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This comprehensive and cogent survey examines the subject of embryonic determination, the set of processes fundamental to animal development by which cells in the early embryo acquire different developmental capabilities. Examining both the classical literature and the newer, molecular findings, the author summarizes the current state of our understanding of determination and poses key questions for the future. He begins with a consideration of how much spatial pattern is already laid down when the egg forms inside the mother, and ends just before the formation of visible organs. Within these limits he also considers evidence obtained by a variety of techniques, both experimental and biochemical, derived from the embryos of a variety of animal groups. This is a suitable text for upper level undergraduates, graduate students and researchers in developmental biology.
Reviews & endorsements
"...an important addition to the developmental biologist's bookshelves." ScienceSee more reviews
"...an invaluable source of reference. In particular, the author has helped rescue from oblivion many classical experimental results that have progressively disappeared from textbooks simply because they either could not be approached by contemporary molecular techniques, or simply because they could not be explained by existing theoretical models." Pere Alberch, Quarterly Review of Biology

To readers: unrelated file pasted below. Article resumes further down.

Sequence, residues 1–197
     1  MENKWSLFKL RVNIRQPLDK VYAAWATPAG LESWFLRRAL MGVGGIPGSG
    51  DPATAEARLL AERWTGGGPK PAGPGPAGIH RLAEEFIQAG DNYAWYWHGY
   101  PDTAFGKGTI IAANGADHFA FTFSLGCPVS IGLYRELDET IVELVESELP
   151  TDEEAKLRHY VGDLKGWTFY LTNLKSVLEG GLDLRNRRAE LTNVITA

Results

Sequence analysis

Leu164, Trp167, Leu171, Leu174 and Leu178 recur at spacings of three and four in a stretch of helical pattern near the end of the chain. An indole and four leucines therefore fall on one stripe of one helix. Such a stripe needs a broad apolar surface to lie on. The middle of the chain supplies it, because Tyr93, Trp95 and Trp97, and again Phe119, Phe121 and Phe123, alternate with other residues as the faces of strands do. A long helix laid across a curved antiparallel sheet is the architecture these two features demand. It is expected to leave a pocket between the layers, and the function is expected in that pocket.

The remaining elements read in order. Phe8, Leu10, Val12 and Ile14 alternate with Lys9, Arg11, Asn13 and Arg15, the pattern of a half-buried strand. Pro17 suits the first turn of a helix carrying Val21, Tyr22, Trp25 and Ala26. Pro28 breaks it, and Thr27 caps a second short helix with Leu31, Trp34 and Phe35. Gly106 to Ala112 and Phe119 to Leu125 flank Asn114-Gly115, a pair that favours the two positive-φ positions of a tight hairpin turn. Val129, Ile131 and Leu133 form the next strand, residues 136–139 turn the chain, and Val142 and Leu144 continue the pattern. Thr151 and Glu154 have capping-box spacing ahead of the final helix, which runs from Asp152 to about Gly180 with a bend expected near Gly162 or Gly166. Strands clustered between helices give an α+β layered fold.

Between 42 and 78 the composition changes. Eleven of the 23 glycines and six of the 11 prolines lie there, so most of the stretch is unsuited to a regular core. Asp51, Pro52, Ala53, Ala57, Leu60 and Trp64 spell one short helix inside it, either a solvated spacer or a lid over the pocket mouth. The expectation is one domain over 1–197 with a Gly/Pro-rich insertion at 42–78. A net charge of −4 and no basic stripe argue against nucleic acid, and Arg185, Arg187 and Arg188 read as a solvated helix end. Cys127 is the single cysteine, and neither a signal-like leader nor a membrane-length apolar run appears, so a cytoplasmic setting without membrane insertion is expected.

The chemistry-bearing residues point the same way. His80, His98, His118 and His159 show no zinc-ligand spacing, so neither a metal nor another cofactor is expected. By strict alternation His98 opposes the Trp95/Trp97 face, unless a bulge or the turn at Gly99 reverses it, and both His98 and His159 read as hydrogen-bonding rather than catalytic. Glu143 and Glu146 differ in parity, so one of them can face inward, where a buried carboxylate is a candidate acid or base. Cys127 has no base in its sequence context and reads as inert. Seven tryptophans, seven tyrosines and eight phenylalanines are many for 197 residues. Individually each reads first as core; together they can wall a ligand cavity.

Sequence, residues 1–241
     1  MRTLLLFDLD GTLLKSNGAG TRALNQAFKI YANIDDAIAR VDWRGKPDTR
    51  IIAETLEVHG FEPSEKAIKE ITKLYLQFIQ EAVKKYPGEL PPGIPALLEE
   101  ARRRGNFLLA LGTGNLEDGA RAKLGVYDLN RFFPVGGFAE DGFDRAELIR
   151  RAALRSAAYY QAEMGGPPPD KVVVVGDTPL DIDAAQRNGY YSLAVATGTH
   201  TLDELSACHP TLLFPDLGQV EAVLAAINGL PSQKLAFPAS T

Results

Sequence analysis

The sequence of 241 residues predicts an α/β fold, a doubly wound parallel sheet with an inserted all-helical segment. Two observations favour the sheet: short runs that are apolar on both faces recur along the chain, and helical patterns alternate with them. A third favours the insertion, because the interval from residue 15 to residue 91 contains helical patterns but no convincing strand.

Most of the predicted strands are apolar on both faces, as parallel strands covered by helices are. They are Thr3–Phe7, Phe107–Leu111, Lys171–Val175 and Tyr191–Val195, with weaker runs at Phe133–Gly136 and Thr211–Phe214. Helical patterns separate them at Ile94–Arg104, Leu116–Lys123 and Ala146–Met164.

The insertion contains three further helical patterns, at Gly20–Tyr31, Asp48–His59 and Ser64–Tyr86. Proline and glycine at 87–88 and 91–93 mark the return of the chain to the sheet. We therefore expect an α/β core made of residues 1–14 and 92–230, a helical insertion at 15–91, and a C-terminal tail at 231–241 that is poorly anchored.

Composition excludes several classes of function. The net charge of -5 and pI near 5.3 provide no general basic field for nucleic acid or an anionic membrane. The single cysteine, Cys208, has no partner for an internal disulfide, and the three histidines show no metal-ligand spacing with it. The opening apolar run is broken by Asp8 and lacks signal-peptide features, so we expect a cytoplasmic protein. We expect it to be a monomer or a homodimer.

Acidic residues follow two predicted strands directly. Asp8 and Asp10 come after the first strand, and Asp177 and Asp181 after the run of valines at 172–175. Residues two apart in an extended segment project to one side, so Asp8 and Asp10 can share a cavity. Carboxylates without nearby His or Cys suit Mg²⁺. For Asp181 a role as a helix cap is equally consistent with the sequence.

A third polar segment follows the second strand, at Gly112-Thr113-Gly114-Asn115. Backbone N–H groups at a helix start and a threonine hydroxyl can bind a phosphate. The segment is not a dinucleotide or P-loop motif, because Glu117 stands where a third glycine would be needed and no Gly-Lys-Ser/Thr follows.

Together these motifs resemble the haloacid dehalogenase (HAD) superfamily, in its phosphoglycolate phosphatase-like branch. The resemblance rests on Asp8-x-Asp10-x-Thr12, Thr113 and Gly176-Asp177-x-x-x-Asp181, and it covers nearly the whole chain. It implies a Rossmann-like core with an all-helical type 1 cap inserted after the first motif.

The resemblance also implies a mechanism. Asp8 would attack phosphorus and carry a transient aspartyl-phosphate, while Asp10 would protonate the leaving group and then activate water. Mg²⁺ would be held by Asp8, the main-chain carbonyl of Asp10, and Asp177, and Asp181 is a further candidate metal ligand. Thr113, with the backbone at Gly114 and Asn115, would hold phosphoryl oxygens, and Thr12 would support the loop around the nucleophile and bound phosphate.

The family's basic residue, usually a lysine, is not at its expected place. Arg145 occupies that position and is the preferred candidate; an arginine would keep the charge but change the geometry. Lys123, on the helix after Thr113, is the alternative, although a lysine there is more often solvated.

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- Date Published: July 2005
- format: Paperback
- isbn: 9780521017268
- length: 452 pages
- dimensions: 230 x 160 x 30 mm
- weight: 0.687kg
- availability: Available
Table of Contents
2. From oocyte to zygote
3. Does cleavage cut up a preformed spatial pattern?
4. The limits of mosaicism in non-spiralian cleavage
5. Cellular interations in the morula and blastula: the case of sea urchin embryos
6. Interactions at morula and blastula in other embryos
7. Interactions between moving cells: the case of amphibian gastrulae
8. Spatial determination in the gastrulae of other groups
9. Determination in embryos showing partial cleavage
10. Patterns and mechanisms in early spatial determination
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